United States District Court, N.D. New York
MEMORANDUM-DECISION AND ORDER
Lawrence E. Kahn U.S. District Judge
Gerald Bornschein commenced this civil rights action against
defendants Andrew Herman and Daniel Walsh on March 22, 2017,
alleging violations of Plaintiff's rights under the
Fourth Amendment, as enforced through 42 U.S.C. § 1983,
and New York State law. Dkt. No. 1 (“Complaint”).
In June 2017, Defendants separately moved to dismiss the
Complaint under Rule 12(b)(6) of the Federal Rules of Civil
Procedure for failure to state a claim. Dkt. Nos. 9
(“Walsh Motion”), 9-1 (“Walsh
Memorandum”), 10 (“Herman Motion”), 10-1
(“Herman Memorandum”). For the reasons that
follow, both motions are granted.
is a resident of Saugerties, New York, Compl. ¶ 1, where
Walsh, a retired Nassau County police officer, resides
part-time, id. ¶¶ 3, 12. Bornschein and
Walsh own adjacent homes. Id. ¶ 6-9. Walsh
purchased his property from Bornschein, who had sub-divided.
Id. ¶ 6. To access his property, Walsh uses a
narrow right of way that crosses Bornschein's property
and extends to the beginning portion of Walsh's driveway.
Id. ¶¶ 8-9. Following a property dispute
in 2013, Walsh obtained an order of protection requiring
Bornschein to “stay away from Walsh's home.”
Id. ¶¶ 9-10.
October 24, 2015, Walsh met with Herman, a New York State
police officer, at Walsh's home. Id. ¶ 13.
The next day, Herman informed Bornschein that Walsh had
accused him of trespassing on Walsh's property in
violation of the order of protection. Id. ¶ 14.
Walsh provided photographs that he claimed, in a sworn
deposition, showed Bornschein entering Walsh's property
on a tractor on two separate occasions, then quickly
accelerating out, “disturb[ing]” the ground.
Id. ¶ 20. Bornschein denied entering
Walsh's property. Id. ¶ 15. Walsh did not
witness the alleged trespass himself, id. ¶ 25,
and the photographs provided to Herman were taken by a camera
that Walsh had affixed to trees on his property, id.
¶ 19. On October 26, 2015, Herman arrested Bornschein
for harassment in the second degree and criminal contempt in
the second degree. Id. ¶¶ 16, 18.
According to Herman's arrest report, Walsh “urged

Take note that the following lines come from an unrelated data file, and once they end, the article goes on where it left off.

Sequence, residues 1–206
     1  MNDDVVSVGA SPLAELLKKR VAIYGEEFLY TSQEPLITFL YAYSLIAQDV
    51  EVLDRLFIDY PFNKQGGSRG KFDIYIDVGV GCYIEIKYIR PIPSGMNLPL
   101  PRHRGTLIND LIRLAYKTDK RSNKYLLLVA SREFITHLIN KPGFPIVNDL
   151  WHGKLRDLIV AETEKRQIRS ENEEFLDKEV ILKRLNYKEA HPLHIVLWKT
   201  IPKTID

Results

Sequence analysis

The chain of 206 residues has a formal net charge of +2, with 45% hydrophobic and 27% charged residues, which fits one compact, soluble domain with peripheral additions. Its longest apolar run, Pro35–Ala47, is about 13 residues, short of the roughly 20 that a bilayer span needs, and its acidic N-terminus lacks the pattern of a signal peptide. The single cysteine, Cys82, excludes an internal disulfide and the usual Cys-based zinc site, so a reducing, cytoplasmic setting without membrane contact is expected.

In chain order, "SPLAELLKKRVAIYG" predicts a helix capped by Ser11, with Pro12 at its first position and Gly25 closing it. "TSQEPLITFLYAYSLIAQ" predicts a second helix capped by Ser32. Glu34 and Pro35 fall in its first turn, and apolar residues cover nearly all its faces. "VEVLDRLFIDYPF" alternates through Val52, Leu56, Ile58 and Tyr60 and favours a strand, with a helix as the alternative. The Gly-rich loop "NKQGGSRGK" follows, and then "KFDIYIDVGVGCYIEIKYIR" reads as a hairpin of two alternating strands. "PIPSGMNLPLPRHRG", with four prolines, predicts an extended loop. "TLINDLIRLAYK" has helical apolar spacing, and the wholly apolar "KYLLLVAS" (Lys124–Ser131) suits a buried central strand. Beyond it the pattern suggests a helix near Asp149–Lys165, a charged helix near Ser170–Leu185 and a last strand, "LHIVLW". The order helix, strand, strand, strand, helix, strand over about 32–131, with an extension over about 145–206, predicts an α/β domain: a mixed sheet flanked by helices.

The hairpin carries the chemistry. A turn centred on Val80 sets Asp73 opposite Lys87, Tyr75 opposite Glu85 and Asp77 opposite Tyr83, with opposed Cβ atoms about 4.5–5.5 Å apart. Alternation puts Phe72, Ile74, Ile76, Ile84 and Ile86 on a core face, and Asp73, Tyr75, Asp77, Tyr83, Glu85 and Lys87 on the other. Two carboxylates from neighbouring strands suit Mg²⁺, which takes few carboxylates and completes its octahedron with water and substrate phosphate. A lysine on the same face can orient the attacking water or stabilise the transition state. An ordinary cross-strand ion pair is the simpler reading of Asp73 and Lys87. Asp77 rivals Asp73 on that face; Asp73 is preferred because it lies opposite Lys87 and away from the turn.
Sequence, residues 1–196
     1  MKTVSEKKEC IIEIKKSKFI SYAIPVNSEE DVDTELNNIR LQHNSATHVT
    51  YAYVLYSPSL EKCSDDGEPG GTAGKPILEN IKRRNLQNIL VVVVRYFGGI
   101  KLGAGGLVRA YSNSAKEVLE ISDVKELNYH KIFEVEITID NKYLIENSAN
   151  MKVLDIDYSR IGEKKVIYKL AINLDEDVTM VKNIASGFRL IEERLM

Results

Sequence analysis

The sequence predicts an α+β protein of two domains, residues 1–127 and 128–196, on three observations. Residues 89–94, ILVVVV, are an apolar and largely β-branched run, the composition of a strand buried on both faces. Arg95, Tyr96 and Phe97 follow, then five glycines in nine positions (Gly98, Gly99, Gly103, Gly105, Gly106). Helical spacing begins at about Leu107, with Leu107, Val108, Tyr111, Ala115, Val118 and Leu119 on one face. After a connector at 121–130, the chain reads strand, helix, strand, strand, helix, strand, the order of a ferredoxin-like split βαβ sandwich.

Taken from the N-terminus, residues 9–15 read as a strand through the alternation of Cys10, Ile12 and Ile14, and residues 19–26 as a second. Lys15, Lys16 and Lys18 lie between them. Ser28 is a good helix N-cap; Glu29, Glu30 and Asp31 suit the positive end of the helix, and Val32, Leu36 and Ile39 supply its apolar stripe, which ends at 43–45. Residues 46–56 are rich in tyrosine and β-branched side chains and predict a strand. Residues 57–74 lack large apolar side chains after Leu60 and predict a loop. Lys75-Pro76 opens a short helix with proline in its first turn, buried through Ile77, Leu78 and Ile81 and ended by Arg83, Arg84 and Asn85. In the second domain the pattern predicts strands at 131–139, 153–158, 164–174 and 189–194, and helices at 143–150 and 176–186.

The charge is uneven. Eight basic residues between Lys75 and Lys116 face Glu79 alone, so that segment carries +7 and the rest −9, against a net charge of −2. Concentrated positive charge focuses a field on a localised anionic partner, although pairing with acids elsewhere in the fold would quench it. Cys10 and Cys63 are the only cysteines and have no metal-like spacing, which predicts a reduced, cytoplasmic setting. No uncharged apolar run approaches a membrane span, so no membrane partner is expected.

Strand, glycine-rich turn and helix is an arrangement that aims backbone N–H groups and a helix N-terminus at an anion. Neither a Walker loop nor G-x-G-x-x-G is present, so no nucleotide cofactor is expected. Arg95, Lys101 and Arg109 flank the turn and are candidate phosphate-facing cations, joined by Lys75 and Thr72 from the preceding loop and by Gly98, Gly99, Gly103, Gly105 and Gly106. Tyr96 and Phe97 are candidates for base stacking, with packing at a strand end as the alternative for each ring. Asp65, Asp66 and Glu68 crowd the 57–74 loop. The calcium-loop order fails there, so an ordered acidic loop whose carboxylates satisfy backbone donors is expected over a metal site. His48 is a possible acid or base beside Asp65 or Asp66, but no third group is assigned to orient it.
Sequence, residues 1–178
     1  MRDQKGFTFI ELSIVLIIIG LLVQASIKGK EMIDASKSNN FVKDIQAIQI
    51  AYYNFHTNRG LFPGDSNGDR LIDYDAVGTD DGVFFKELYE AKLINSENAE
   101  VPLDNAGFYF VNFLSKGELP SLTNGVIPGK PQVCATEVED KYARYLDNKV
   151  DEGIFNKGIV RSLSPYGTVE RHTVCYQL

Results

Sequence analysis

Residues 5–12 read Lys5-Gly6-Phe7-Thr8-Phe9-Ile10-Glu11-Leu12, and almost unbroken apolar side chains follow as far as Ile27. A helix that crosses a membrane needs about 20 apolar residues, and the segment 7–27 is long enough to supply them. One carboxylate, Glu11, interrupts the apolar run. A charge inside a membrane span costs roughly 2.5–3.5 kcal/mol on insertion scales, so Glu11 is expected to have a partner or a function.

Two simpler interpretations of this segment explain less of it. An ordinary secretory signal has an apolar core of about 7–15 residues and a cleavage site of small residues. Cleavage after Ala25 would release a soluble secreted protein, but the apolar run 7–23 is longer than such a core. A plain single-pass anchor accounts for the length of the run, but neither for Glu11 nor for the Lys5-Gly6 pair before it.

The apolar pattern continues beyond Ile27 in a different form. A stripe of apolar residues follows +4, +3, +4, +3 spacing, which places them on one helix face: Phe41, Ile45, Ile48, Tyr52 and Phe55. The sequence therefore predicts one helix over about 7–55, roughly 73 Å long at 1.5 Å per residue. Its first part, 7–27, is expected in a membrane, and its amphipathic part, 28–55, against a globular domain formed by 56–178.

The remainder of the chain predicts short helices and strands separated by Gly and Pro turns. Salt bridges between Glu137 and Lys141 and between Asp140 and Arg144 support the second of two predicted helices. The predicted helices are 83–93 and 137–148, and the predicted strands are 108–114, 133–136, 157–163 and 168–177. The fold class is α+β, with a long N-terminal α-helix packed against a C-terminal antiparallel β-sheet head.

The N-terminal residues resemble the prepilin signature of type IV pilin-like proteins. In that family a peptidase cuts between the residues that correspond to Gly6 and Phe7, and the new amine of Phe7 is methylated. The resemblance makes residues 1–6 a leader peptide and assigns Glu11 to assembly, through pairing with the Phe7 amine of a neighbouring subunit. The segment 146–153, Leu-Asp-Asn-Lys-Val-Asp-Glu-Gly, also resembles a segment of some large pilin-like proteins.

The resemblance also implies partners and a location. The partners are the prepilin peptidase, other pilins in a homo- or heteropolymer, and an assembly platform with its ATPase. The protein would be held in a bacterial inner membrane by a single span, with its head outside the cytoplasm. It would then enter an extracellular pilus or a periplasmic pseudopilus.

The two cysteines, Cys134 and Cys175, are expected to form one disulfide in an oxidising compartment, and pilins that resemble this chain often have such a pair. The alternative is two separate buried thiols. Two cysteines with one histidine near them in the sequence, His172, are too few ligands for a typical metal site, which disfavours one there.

him to press criminal charges against” Bornschein.
Id. ¶ 21. Bornschein hired a criminal defense
attorney to defend him against the charges. Id.
charges against Bornschein were dismissed on November 21,
2016. Id. ¶ 28. Town of Saugerties Justice
Claudia Andreassen concluded that “[t]he photos of
Gerald Bornschein merely show him on a road that he is
allowed to traverse, ” and “[t]here is nothing to
substantiate claims that [he] was on Mr. Walsh's
property.” Id. ¶ 29. According to
Bornschein, a review of a property map would have revealed
that Bornschein never entered Walsh's property.
Id. ¶ 31.
did not consult a property map before arresting Bornschein,
which Bornschein says “any reasonable police officer
would have” done. Id. ¶ 32.
survive a motion to dismiss for failure to state a claim
pursuant to Rule 12(b)(6) of the Federal Rules of Civil
Procedure, a “complaint must contain sufficient factual
matter, accepted as true, to ‘state a claim to relief
that is plausible on its face.'” Ashcroft v.
Iqbal, 556 U.S. 662, 678 (2009) (quoting Bell Atl.
Corp. v. Twombly, 550 U.S. 554, 570 (2007)). A court
must accept as true the factual allegations contained in a
complaint and draw all inferences in favor of the plaintiff.
Allaire Corp. v. Okumus, 433 F.3d 248, 249-50 (2d
Cir. 2006). Plausibility, however, requires “enough
fact[s] to raise a reasonable expectation that discovery will
reveal evidence of [the alleged misconduct].”
Twombly, 550 U.S. at 556. The plausibility standard
“asks for more than a sheer possibility that a
defendant has acted unlawfully.” Iqbal, 556
U.S. at 678 (citing Twombly, 550 U.S. at 556).
“[T]he pleading standard Rule 8 announces does not
require ‘detailed factual allegations, ' but it
demands more than an unadorned,
Id. (quoting Twombly, 550 U.S. at 555).
Where a court is unable to infer more than the possibility of
misconduct based on the pleaded facts, the pleader has not
demonstrated that he is entitled to relief, and the action is
subject to dismissal. Id. At 678-79. Nevertheless,
“[f]act-specific question[s] cannot be resolved on the
pleadings.” Anderson News, L.L.C. v. Am. Media,
Inc., 680 F.3d 162, 185 (2d Cir. 2012) (second
alteration in original) (quoting Todd v. Exxon
Corp., 275 F.3d 191, 203 (2d Cir. 2001)). Presented with
“two plausible inferences that may be drawn from
factual allegations, ” a court “may not properly
dismiss a complaint that states a plausible version of the
events merely because the court finds a different version
more plausible.” Id.
U.S.C. § 1983 provides a civil claim for damages against
any person who, acting under color of state law, deprives
another of the right, privilege or immunity secured by the
Constitution or the laws of the United States.”
Thomas v. Roach, 165 F.3d 137, 142 (2d Cir. 1999).
Section 1983 does not create any substantive rights; it
provides civil litigants a procedure to redress the
deprivation of rights established elsewhere. Id.
“To prevail on a § 1983 claim, a plaintiff must
establish that a person acting under the color of state law
deprived him of a federal right.” Id.
Claims Against Walsh